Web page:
What the Heck is a Chautauqua?

May 6th, 2022

Every Boulderite knows that Chautauqua is up on 900 Baseline Road in Boulder, but how did it get there? And what is a Chautauqua anyway? The Chautauqua movement of the late 19th century was an effort to educate rural communities who lacked access to the mass culture being developed in cities. The movement lasted from the 1870s all the way into the 1920s. Rural peoples were hungry for entrainment and brain food, but lacked a way to easily travel because automobiles weren’t widely available until 1910. The “Mother Chautauqua” (which sounds a bit like a spaceship name to me) was... Read More

Left Hand Canyon and Boulder Valley Ranch Hikes

May 5th, 2022

Even if you’ve been around Boulder County just a little while, you probably have noticed a lot of places and businesses called Left Hand: Left Hand Brewery (a favorite of the writer’s), Left Hand Creek, Left Hand Canyon, etc. These places and the town, school, and mountain called Niwot are named in honor of the Arapahoe Native American, Chief Niwot; Niwot when translated means “left hand.” Chief Niwot and his people wintered in Boulder Valley and he welcomed those coming to Colorado for the Gold Rush, and he played a key role in attempting to keep the peace between the white settlers and... Read More

Are the Boulder Flatirons Remnants of Ancient Beaches?

May 4th, 2022

You will learn how Boulder’s iconic Flatirons formed. Turns out, Boulder was once beachfront property. The Flatirons are Boulder’s favorite portion of the Fountain Formation, a geological formation of mostly red sandstone. This sandstone, more appropriately called “arkose” gets its color from the pinkish feldspar contained it it. This red rock makes up the Red Rocks of Morrison and the Garden of the Gods in Colorado Springs. The Fountain Formation stretches from Colorado Springs all the way to Wyoming. The reddish color is due to the concentration of feldspar in the sandstone,... Read More

Complex Origins of Boulder’s Fox Theatre

April 30th, 2022

The grand red sign and huge white marquee of Boulder’s Fox Theatre give the building a sense of purpose and permanence. This strong identity boldly contrasts the complex and confusing history of the building itself. This nearly 90 year old space has housed vaudeville acts, a cafe, and a other interesting things in between. The building sitting at 1135 13th Street on The Hill was constructed in 1926 by Adrian G. Diez, but was first owned a Mr. William Beach. Beach sold the building to Diez in 1926, and the building changed hands no less than 8 times to become what it is today. Its first... Read More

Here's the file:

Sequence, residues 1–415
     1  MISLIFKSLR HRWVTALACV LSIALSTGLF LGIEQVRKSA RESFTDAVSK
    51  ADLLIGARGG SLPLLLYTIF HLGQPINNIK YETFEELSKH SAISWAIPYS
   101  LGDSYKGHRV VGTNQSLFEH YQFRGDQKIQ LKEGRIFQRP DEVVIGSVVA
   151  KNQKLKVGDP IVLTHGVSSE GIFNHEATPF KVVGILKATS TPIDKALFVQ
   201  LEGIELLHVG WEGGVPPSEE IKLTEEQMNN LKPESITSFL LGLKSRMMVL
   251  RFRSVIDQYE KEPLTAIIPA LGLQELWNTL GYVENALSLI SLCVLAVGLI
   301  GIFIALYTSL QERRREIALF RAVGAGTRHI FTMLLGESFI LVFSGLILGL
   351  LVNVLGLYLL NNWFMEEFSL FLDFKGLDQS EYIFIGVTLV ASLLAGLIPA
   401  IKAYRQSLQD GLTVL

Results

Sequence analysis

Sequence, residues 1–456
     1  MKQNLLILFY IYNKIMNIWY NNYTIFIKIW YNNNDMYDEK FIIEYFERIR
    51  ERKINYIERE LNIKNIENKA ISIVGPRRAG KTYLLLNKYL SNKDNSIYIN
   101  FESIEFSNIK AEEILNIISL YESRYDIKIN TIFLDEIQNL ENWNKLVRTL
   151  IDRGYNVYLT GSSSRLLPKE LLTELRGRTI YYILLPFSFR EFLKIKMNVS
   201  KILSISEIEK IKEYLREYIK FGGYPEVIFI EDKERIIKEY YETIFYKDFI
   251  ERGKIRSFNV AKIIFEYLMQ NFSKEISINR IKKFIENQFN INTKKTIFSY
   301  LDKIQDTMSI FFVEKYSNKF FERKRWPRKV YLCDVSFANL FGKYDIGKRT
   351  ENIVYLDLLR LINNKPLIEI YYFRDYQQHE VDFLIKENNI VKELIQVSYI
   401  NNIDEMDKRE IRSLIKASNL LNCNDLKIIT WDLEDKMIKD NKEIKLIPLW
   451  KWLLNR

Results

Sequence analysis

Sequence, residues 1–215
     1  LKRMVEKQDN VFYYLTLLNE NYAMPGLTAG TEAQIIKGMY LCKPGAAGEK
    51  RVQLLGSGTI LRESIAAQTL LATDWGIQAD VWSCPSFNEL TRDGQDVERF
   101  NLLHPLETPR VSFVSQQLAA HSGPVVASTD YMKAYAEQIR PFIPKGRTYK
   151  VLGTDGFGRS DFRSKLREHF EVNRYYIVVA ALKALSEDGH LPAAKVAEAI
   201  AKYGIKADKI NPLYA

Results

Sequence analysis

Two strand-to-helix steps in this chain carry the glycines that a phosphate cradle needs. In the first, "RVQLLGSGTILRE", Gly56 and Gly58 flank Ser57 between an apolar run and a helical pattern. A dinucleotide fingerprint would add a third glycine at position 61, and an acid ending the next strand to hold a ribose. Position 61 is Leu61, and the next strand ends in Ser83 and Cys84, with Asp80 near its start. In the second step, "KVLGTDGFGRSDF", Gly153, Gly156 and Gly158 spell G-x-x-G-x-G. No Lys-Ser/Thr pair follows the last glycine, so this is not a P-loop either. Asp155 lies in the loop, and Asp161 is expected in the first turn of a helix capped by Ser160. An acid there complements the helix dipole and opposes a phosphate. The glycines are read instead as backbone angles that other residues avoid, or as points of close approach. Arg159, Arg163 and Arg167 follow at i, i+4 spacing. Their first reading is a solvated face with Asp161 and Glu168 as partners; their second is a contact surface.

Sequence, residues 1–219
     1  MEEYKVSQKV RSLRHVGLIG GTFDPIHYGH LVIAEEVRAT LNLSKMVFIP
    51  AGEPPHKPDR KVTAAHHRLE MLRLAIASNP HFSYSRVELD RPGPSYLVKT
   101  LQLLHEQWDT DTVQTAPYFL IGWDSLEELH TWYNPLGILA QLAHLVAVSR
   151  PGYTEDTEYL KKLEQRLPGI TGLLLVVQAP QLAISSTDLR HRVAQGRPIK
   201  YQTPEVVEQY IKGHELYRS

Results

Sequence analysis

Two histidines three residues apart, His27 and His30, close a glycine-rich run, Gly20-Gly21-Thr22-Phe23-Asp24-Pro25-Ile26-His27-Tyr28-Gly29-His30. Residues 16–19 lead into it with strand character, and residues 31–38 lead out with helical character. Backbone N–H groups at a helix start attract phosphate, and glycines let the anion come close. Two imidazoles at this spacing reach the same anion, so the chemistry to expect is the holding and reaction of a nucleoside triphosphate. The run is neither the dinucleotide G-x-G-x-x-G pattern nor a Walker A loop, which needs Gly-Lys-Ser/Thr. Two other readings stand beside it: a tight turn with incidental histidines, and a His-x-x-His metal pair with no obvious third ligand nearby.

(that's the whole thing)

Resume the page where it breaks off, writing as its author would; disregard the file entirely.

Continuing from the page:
3 Inspired, Innovative, Boulder-Based Inventions

April 29th, 2022

Maybe you already know that the comfortable (and allegedly edible) innovation; the Crocs shoe, was created in Boulder County. Today we’re checking out some less explosive, but equally clever, Boulder-based inventions. This is one smart city, and the products created here prove it! Nimbus Cloud Dome The Nimbus Cloud Dome is a deceptively simple invention created by Boulder resident Cindy Litchfield. As a jewelry maker, she struggled to create close-up, glare-free photos of her products. No one had addressed the problem before, so she took on the challenge. The result was the Nimbus Cloud... Read More

6 Weird and Unique Boulder Laws

April 28th, 2022

When oddly specific things become public problems, local legislation steps in to help. Today we will look at a few odds and ends Boulder city laws had to smooth out over the years. Hopefully we will boost today’s water cooler conversations. Nobody Owns Fifi Dogs in Boulder do not have “owners” according to any public ordinances. You can only be the “guardian” of a dog. This law requiring all public signage to call dog owners “guardians” is the result of animal rights activist calling for reform in the rhetoric surrounding pet relationships. It’s... Read More

Lights, Camera, Action! – The history of movies filmed in Colorado

April 27th, 2022

To start off with, I want to look back on some of the famous movies that have been filmed right here in Boulder and in some of our close neighboring cities. Perhaps the most famous recent film shot in Colorado was “The Hateful Eight”, Tarantino’s latest film which featured a bounty hunter and his prisoner seeking shelter in a cabin inhabited by some nefarious criminals. The film is bloody, funny, and excellently written, and located not too far from Boulder in Telluride, CO. Tarantino put out feelers in Utah and Wyoming, before settling on the Colorado location. Tarantino wanted a mountain... Read More